• Contributes to half of all the vitamin A intake
deficiency of vitamin a
Deficiency of Vitamin A
  • Night blindness
  • Decrease mucus production leading to bacterial invasion in the eye
  • Irreversible blindness
deficiency of vitamin a1
Deficiency of Vitamin A
  • Follicular hyperkeratosis
  • Keratin protects the inner layers of skin and maintains moisture
  • Kertinized cells replaces the normal epithelial cells in the underlying skin layers
  • Hair follicles become plugged
  • Bumpy, rough, and dry skin
measuring vitamin a
Measuring Vitamin A
  • International unit (IU)-crude method of measurement
  • Retinol activity equivalent (RAE) -current, more precise method of measurement

1 ug of retinol = 1 RAE = 3.3 IU =12 ug beta-carotene = 24 ug of other provitamin A

rda for vitamin a for adults
RDA for Vitamin A for Adults
  • 900 mcg REA for men
  • 700 mcg REA for women
  • Average intake meets RDA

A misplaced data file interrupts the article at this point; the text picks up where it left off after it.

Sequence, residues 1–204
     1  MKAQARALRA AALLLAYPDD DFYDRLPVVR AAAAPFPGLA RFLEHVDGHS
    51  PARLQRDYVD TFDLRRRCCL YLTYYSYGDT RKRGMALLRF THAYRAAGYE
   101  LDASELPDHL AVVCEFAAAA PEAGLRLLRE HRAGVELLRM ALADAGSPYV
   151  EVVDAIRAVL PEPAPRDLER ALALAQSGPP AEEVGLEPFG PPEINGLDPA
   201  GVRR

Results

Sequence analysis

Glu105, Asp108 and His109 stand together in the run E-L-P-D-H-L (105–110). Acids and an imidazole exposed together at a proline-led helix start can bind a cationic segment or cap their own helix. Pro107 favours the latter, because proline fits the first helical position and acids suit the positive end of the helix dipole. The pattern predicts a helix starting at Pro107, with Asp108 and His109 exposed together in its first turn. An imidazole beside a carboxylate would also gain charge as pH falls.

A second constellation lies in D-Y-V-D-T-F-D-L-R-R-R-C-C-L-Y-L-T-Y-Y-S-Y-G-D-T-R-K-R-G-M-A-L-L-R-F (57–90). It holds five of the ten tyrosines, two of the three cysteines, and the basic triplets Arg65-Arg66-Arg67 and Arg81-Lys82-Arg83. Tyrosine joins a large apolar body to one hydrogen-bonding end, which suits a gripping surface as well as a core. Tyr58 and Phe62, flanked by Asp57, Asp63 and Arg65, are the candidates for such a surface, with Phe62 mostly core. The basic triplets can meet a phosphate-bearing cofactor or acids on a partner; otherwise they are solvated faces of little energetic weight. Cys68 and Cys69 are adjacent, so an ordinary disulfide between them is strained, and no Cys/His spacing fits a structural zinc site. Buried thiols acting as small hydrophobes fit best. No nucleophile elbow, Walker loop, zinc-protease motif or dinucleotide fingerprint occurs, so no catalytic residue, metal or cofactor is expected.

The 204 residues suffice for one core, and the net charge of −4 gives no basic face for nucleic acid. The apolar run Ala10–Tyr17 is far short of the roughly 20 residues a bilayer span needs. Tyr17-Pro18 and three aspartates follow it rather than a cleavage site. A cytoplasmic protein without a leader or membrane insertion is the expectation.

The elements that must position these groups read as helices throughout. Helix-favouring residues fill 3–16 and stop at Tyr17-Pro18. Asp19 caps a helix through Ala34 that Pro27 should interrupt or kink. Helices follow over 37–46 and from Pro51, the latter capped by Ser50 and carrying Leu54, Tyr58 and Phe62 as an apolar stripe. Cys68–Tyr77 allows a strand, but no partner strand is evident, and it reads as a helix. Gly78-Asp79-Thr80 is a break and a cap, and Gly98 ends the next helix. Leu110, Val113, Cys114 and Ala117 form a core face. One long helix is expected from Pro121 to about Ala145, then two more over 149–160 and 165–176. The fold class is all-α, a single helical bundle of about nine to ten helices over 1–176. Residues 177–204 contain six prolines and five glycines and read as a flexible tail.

• Daily value used on food and supplement labels is 1000 mcg
  • Much stored in the liver
  • Vitamin A supplements are unnecessary
  • No separate RDA for carotenoids
who is at risk for deficiency
Who is at Risk For Deficiency
  • Breast fed infants
  • Preschooler with poor vegetable intake
  • Urban poor
  • Elderly
  • Alcoholics and people with liver disease
  • Individual with fat malabsorption
toxicity of vitamin a
Toxicity of Vitamin A
  • Large intake of vitamin A over a long period: supplements, liver, fish oil
  • Bone/muscle pain, loss of appetite, skin disorders, headache, dry skin, hair loss, increased liver size, vomiting
  • Possible permanent damage
  • Discontinue supplement
toxicity of vitamin a1